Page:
The energetic approach, despite the known limits of the metabolic power estimation, provides a great opportunity to describe the actions that require a large amount of energy to be performed (MPEs, Metabolic Power Events). A deeper analysis of the player’s capacities to reiterate these activities yields a lot of interesting information about the ability of the player to repeat high-cost actions with a certain tempo. Now we know quite well that an elite player can repeat these events, on average, every 30 seconds for the entire duration of the match and that the recovery time tends to increase from the beginning to the end of the game. Interestingly, if we refer instead to the energy-demanding phases (that are more often under the magnifying glass), they remain surprisingly almost unchanged during the game. In simple words, this means that the player can perform a high-intensity activity of the same characteristics for the overall duration of the match; however, each of these actions can be repeated less frequently as the game goes on. For this reason, we can conclude with the following question: can we understand more about players’ behaviour from high-intensity or low-intensity phases?

bursts: the smart accelerations

Accelerations are one of the most widespread metrics used to quantify the mechanical load (just for the sake of simplicity in this article, we’ll neglect the decelerations). Unfortunately, the expert fitness coach has realised for a long time that describing high neuro-muscular actions using only the number of accelerations is not right. We’ve already discussed it here. The reasons thereof are briefly summarised below:

  1. a single acceleration threshold may not be enough to isolate these kinds of efforts because, when referring to the entire speed spectrum, whatever the absolute threshold selected, it could be (i) a small fraction of the maximum possible at low speeds or (ii) the maximal acceleration achievable for the speed value in question or (iii) an acceleration that cannot be performed from this speed onwards;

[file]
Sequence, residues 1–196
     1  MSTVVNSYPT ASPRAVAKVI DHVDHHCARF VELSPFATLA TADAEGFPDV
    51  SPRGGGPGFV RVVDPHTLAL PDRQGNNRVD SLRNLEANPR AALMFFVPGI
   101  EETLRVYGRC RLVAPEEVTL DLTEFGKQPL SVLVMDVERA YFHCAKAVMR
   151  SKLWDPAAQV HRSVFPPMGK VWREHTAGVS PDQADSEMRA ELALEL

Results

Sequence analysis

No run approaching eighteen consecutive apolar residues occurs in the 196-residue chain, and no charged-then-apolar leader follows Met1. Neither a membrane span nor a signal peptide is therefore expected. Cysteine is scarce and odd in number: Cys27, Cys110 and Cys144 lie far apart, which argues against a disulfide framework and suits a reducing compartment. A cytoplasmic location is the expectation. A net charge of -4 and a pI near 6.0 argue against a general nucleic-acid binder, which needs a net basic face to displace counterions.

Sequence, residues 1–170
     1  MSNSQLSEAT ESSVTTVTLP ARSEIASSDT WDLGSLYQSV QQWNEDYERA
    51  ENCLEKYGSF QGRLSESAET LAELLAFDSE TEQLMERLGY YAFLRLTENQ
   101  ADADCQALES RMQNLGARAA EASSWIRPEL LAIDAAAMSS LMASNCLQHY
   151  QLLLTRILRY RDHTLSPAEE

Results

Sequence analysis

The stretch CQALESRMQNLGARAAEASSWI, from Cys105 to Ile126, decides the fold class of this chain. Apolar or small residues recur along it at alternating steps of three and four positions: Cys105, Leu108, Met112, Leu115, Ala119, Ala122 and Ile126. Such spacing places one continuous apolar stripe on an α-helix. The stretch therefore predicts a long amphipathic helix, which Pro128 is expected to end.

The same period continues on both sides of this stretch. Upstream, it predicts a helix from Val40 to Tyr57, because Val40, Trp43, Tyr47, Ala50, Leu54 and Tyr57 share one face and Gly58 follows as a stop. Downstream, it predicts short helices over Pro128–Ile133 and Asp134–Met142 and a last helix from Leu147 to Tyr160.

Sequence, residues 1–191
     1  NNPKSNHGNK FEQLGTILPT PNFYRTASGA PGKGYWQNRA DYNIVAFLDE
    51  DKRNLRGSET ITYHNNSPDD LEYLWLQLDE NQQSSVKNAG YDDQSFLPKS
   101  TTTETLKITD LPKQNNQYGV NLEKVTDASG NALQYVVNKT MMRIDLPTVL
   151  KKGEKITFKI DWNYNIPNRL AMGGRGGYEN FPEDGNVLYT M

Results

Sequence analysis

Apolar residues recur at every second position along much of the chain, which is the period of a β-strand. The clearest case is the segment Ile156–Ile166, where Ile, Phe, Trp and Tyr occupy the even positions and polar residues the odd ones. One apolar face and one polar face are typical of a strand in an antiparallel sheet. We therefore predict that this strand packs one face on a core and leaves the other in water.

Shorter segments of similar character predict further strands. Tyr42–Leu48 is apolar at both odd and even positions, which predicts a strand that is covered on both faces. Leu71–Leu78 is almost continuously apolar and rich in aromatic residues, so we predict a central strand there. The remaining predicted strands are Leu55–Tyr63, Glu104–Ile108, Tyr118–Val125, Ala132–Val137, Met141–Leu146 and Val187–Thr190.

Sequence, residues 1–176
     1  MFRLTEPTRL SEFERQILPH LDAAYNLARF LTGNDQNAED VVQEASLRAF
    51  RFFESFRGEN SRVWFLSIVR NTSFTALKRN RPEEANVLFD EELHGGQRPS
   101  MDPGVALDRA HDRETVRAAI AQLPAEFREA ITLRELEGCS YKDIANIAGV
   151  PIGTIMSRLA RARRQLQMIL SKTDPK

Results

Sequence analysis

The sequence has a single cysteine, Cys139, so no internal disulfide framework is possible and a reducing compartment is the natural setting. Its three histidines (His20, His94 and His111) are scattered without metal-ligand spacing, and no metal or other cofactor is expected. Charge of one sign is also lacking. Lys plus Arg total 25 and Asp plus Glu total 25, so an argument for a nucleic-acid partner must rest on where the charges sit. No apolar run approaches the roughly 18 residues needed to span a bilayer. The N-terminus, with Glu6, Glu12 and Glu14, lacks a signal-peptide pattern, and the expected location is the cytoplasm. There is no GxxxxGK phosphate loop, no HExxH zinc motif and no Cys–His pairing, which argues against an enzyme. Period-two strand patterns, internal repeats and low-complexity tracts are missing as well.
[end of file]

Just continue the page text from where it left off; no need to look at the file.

2. how the speed and the corresponding acceleration are filtered can greatly affect the results in our reports; indeed, there isn’t a broad consensus for a common filtering technique, partly because the notion of “acceleration” is poorly defined. Is it the acceleration peak at each step during the running activity? Is it the average acceleration of the pushing phase of each step? Is it the average acceleration within the entire gait cycle? Obviously enough, this makes the use of the acceleration concept somewhat foggy.

A solution must be found if the goal is to detect the most challenging acceleration values. In our opinion, the first step of the process is to define the Acceleration-Speed Profile (ASP) as obtained (i) through the traditional way from a maximal sprint or (ii) more simply via the “in-situ” method (see the link for more details). The ASP allows one to find the best accelerations achievable in the entire speed spectrum, from zero to the player’s maximal speed. Hence, the ‘acceleration threshold issue’ is solved. Indeed, without going into the depths of the mechanical approach (see the articles in the references for more information), this allows us to identify the acceleration values that bring the player near her/his ASP. We called these ‘smart accelerations’ bursts.

Is there any link between MPEs and bursts? We will discuss this topic in the second part of this article.

Further scientific content on mechanical analysis is available within the gpexe academy for all users (access from the web app footer).

Additional references:

P.E. di Prampero, “Mechanical and Metabolic Power in Accelerated Running-PART I: the 100-m dash” – PubMed
C. Osgnach, “Mechanical and metabolic power in accelerated running-Part II: team sports” – PubMed
C. Osgnach, “How easy is to stumble over acceleration and deceleration?
C. Osgnach, “The limits of acceleration